2013 Tap Scholars Announced
And the winners are...
CHICAGO HUMAN RHYTHM PROJECT ANNOUNCES 2013 TAP SCHOLARS
The Chicago Human Rhythm Project (CHRP) announces the winners of its 2013 Tap Scholar Awards, following auditions February 9 during CHRP’s annual Winter Tap JAMboree at the American Rhythm Center in Chicago:
· Time Brickey (age 18, Chicago, IL)
· Francesca Carfagnini (age 14, Elmhurst, IL)
· Anthony Clampit (age 13, Villa Park, IL)
· Ljiljana Clampit (age 16, Villa Park, IL)
· Amanda Erickson
· Donyella Kittrell-Jackson (age 15, Chicago, IL)
· Taylor Lattimore (age 15, Chicago, IL)
· Madison Martin (age 16, Ann Arbor, MI)
· Alexandra Stephens (age 17, St. Louis, MO)
· Emerson Stephens (age 13, St. Louis, MO)
· Allie Strehle (age 15, Minnetrista, MN)
· Cory Wilfong (age 17, Glen Ellyn, IL)
These talented young dancers are receiving tuition support to make it possible for them to attend CHRP’s annual Rhythm World, the preeminent festival of American tap, this year taking place July 22–August 4, with a faculty of more than 25 master teachers/performers from around the globe.
Founded in 1995 to honor the life of CHRP co-founder Kelly Michaels, the Rhythm World Tap Scholar Award program has provided more than 25,000 in financial aid to more than 200 talented, deserving young dancers from around Chicago and the United States as well as international exchange students.
In addition to the auditions during the Winter Tap JAMboree, CHRP also holds auditions in Tokyo, Rio De Janeiro, Zurich, Toronto and various American cities. The Award decisions are based on a range of criteria, including skill, talent and financial need, with the intention of creating a diverse mix of young dancers dedicated to furthering their tap and percussive dance education every summer at CHRP’s Rhythm World.
Rhythm World is the oldest, largest and most comprehensive festival of American tap and contemporary percussive arts in the world, annually attracting hundreds of students from around the globe to study with an internationally acclaimed faculty of 25–30 master teachers and performers. During the last 19 years, many Tap Scholar Award winners have gone on to successful careers in teaching, choreographing and performing, including Jumaane Taylor, Ian Berg, Starinah Dixon, Nico Rubio, Sean Kaminski and Donetta Jackson, among others.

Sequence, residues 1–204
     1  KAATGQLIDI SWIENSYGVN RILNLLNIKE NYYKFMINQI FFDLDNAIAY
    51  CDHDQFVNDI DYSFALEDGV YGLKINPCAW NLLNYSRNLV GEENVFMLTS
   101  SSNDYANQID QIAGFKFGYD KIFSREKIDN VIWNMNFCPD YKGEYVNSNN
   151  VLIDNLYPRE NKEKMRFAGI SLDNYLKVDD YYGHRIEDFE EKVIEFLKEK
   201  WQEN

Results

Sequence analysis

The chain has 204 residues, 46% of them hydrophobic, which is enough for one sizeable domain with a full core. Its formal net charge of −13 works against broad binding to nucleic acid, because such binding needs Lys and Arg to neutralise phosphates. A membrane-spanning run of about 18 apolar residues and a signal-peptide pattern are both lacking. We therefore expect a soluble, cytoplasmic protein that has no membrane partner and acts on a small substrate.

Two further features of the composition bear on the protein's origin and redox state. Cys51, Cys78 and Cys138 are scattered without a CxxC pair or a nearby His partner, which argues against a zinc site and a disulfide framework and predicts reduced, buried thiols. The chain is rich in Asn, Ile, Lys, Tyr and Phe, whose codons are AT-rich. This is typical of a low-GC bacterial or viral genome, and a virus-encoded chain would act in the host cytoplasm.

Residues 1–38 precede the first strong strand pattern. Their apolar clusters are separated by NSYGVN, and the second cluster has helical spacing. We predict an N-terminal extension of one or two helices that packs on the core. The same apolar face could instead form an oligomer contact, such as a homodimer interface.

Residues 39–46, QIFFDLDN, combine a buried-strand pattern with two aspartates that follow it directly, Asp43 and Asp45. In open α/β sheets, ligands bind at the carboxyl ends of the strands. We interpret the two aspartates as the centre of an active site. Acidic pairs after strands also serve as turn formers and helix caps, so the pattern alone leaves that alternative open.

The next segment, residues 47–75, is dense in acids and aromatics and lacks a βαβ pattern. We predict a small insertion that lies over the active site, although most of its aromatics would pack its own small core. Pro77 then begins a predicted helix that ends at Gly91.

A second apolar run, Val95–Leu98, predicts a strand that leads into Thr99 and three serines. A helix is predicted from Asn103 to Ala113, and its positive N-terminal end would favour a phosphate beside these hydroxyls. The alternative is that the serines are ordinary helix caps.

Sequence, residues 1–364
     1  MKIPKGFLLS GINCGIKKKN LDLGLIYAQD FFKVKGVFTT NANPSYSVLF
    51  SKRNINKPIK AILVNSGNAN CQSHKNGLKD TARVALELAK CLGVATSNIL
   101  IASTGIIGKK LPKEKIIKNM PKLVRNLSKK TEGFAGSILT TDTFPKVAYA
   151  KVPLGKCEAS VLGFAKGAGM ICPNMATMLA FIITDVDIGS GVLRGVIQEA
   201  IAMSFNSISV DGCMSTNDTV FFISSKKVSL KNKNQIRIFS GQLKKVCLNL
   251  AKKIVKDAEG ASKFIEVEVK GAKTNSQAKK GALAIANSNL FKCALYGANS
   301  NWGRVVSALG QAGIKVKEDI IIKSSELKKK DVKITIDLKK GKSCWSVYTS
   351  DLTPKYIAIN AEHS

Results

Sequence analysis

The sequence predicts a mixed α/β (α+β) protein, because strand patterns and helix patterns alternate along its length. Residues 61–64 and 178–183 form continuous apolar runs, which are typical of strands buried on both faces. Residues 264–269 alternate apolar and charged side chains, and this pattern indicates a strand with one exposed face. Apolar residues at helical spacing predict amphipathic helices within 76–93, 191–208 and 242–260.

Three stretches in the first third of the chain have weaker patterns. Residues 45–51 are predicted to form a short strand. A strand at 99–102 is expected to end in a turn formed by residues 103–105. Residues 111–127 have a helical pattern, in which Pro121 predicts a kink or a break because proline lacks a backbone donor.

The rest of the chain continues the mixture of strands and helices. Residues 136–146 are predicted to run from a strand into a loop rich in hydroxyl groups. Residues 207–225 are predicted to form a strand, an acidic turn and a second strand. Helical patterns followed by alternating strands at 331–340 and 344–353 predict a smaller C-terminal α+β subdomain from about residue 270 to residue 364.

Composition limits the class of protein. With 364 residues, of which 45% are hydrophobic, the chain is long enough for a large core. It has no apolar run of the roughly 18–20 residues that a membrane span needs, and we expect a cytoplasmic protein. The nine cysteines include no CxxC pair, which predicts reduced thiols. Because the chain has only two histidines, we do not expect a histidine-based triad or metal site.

CHRP is supported by The John D. and Catherine T. MacArthur Foundation, Target, The Boeing Company, The MacArthur Fund for Arts and Culture at Prince, The Gaylord and Dorothy Donnelley Foundation, The Richard H. Driehaus Foundation, The Chicago Community Trust, The Arlen and Elaine Cohen Rubin Charitable Fund of the Jewish Community Foundation of Greater Kansas City, The Jeanette & Jerome Cohen Philanthropic Fund of the Jewish Community Foundation of Greater Kansas City, National Endowment for the Arts, Illinois Arts Council, City of Chicago Department of Cultural Affairs and Special Events, Arts Work Fund for Organizational Development, Live Marketing, Charter One Foundation, The James S. Kemper Foundation, Dr. Scholl Foundation, Arts Midwest, The Elizabeth F. Cheney Foundation, The Judd A. and Marjorie Weinberg Family Foundation, L&L Hardwood Flooring, So Danca, People’s Gas, The Service Club of Chicago, The Walmart Foundation and generous individual donors.
Chicago Human Rhythm Project
- annual National Tap Dance Day concerts, featuring an array of tap and percussive dance artists
- a shared revenue program designed to assist Chicago’s budding tap community to build capacity through audience development, created in 2001
- Thanks 4 Giving, another innovative shared revenue program launched in 2005 as part of its annual Global Rhythms concerts at the Harris Theater, through which CHRP has partnered with more than 100 Chicago-based nonprofits to raise funds for a wide variety of service agencies
- participation in the 5th Anniversary Beijing International Dance Festival, assembling 70 artists to represent the United States
- establishment of the American Rhythm Center (ARC), providing a shared, affordable and sustainable education, rehearsal and administrative facility for several leading Chicago arts organizations in the historic Fine Arts Building
- curating the first ever, full-length performance of concert tap dance on a main stage of the John F. Kennedy Center for the Performing Arts on December 7, 2012